Painted in 1967 looking from the artist's front lawn in Cushing, Maine onto the Georges River, Off Shore embodies the most exceptional hallmarks of Andrew Wyeth's accomplishments in the tempera medium that have made him one of the most significant figures in American art. The present painting exhibits the subtle yet dense narratives that pay tribute to the passage of time and the people and places that inhabited the artist's daily life in Maine and Pennsylvania. The artist's neighbor, Raymond Woods, is depicted pulling the bow line taut to steady the boat, holding the viewer's attention with a penetrating stare. With a pile of hods resting in the scow, the three men set out on a clam digging expedition into the dense fog off the Maine coast, an excursion that belies the rugged lifestyle and strength of character that inspired Wyeth throughout his career. These universal subjects are revered for their seeming simplicity and sheer beauty, for their celebration of rural American life, and for their haunting, plaintive silence that pervades his greatest masterworks, such as Off Shore.
Wyeth began to experiment with tempera in the late 1930s and by the time he completed Off Shore his vision and controlled mastery of the medium have come fully realized. This rich medium is critical to the success of Off Shore, endowing the scene with the most subtle layers of color and allowing for great precision of detail while retaining the refined surface and sense of atmosphere that are so integral to Wyeth's paintings. The artist says of the medium, "I love the quality of the colors: the earths, the terra verde, the ochers, the Indian reds, and the blue-reds. They aren't artificial. I like to pick the colors up and hold them in my fingers. Tempera is something with which I build--like building in great layers the way the earth itself was built. Tempera is not the medium for swiftness..." (as quoted in Andrew Wyeth, exhibition catalogue, Boston, Massachusetts, 1995, p. 11) Tempera allows Wyeth to suggest a sense of timelessness and imbue Off Shore with the stillness and mystery that is emblematic of his finest work.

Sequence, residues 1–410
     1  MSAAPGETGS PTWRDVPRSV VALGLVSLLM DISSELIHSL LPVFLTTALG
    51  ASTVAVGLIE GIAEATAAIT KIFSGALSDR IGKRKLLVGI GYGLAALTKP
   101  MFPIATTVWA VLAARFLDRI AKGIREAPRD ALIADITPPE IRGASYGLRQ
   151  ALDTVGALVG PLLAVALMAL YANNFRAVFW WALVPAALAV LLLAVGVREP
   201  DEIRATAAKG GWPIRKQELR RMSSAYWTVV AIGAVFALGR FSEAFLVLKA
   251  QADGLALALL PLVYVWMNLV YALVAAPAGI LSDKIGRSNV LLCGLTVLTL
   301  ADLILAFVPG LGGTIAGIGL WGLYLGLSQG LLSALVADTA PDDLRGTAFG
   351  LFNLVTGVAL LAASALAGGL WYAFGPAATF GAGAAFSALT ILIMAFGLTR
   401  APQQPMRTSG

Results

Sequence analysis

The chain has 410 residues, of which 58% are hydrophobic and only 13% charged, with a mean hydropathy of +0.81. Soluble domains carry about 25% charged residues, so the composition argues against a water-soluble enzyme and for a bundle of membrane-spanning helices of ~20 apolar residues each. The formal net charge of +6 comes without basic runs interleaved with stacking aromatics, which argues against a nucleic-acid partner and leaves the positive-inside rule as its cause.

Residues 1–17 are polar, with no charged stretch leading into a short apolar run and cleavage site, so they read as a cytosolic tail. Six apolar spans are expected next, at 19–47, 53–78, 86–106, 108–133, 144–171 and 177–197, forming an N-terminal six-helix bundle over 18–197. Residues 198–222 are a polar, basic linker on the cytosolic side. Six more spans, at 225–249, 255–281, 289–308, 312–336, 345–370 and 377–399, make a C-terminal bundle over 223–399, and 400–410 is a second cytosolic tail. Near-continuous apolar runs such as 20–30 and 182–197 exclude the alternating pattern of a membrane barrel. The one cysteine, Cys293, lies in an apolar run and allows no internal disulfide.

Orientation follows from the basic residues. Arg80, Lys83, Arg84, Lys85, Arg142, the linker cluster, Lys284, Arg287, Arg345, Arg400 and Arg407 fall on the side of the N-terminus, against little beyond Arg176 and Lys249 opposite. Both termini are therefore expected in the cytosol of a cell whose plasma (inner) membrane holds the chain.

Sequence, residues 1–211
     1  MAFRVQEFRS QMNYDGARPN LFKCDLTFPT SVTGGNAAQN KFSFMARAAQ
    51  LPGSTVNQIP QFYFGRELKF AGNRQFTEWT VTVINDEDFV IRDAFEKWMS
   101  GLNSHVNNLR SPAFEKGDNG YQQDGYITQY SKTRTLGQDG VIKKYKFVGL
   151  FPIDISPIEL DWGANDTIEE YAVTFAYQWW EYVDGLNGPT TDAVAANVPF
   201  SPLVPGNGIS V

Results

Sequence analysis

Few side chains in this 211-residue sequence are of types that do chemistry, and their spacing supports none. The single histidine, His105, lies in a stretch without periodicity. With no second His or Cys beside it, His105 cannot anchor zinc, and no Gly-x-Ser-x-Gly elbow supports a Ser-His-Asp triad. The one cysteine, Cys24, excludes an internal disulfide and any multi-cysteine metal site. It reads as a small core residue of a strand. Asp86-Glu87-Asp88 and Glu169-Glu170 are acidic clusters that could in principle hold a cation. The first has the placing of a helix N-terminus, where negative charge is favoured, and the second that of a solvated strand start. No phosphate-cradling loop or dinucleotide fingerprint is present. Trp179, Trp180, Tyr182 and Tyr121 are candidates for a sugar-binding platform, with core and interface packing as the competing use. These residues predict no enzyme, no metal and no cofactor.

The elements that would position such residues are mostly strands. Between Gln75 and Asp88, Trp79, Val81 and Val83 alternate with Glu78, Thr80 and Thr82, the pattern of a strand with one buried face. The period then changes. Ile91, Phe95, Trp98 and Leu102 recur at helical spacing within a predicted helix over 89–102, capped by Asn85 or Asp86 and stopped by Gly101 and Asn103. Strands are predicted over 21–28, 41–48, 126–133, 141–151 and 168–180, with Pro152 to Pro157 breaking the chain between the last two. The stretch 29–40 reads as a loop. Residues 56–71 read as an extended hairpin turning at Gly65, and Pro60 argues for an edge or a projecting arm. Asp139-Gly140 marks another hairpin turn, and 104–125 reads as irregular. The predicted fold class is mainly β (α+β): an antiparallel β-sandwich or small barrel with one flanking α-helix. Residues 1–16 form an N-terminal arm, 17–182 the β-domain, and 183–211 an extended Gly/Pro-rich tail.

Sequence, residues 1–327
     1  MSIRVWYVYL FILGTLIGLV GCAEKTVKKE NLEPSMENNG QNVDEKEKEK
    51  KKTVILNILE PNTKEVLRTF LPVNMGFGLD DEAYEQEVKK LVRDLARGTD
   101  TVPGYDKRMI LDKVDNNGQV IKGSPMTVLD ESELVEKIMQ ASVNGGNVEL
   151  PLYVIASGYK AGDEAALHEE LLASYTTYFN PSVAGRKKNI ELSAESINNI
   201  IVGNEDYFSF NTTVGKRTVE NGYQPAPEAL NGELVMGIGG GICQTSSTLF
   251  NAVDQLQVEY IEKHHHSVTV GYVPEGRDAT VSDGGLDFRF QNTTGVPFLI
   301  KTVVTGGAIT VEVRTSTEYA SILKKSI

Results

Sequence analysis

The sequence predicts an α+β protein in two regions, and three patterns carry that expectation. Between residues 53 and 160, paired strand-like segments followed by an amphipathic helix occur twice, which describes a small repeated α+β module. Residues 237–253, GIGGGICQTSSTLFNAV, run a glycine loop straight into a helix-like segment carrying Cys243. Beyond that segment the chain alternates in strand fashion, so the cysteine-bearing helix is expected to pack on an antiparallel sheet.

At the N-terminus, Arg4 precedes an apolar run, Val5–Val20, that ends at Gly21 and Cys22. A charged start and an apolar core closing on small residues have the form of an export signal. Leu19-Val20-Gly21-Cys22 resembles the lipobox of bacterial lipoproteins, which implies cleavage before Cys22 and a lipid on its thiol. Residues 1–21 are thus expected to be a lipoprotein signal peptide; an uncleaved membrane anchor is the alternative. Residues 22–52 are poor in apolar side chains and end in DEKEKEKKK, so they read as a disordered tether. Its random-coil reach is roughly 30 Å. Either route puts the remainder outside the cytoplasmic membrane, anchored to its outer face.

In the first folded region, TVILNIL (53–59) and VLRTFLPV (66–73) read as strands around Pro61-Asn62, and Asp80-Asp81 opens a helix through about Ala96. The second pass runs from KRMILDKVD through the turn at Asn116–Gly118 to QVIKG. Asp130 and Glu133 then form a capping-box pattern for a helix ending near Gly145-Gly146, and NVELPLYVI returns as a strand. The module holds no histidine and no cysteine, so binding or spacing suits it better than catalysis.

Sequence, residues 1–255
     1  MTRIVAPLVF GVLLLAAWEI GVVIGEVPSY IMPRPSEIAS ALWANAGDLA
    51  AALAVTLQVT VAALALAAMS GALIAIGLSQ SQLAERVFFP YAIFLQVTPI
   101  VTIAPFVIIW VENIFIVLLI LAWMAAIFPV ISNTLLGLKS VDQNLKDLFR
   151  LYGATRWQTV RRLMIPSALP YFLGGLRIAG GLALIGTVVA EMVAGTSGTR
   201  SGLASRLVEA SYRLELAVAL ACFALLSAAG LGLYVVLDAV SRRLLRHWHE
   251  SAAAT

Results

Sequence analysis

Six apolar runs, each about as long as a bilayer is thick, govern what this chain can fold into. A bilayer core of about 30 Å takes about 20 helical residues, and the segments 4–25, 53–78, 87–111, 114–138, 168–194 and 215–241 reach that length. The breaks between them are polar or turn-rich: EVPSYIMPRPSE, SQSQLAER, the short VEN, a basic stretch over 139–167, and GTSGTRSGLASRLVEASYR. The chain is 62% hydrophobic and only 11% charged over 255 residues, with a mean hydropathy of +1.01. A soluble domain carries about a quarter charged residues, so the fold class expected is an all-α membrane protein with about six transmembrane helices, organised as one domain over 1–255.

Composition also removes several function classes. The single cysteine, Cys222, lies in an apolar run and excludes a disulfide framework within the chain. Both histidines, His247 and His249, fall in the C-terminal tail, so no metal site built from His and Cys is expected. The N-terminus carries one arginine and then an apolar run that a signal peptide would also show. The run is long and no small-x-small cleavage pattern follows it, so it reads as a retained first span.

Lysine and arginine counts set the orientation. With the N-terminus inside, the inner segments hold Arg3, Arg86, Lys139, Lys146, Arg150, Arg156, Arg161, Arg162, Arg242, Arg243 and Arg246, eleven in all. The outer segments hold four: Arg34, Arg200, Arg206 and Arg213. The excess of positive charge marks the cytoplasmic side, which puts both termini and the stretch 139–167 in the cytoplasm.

Wyeth was a constant observer, often working in series inspired by subjects familiar to him. He built upon them in sketches which he swiftly and deftly created in quick passages of light that fall on a landscape or a passing glimpse from one of his sitters. As a result, his finished compositions often result in a marvelous dichotomy of abstraction grounded in precisely rendered realism of the places and people of Pennsylvania and Maine. Yet, even with this investment, Wyeth remains the impartial spectator, creating narratives that are deeply charged with his own emotion yet maintain an ability to allow for the viewer's own interpretation. The stare of Raymond Woods is direct and immediately engaging to the viewer whereas the hidden gazes of his companions create a sense of mystery. They stare off in opposite directions, an unknown object or sound capturing their attention. A break in the waves in the upper left corner of the composition holds the stare of the man in the stern and adds not only another element of motion and sound to the scene, but another level of intrigue to the narrative of the composition; perhaps the trailing wave indicates the wake of another friendly fisherman passing by or perhaps it tells of the more ominous presence of a hidden rocky shoal that was previously unseen in the shallow waters. Although physically large in scale, the scene Wyeth has presented in Off Shore is intimate, not grand, and this intimacy lends itself to an honesty and immediacy in his depiction. There is a sense of solitude that defines the three figures and envelops the entire composition, underscoring the independent and complex spirit of the characters who inhabit Wyeth's world.
This painting will be included in Betsy Jane Wyeth's forthcoming catalogue raisonné of the artist's work.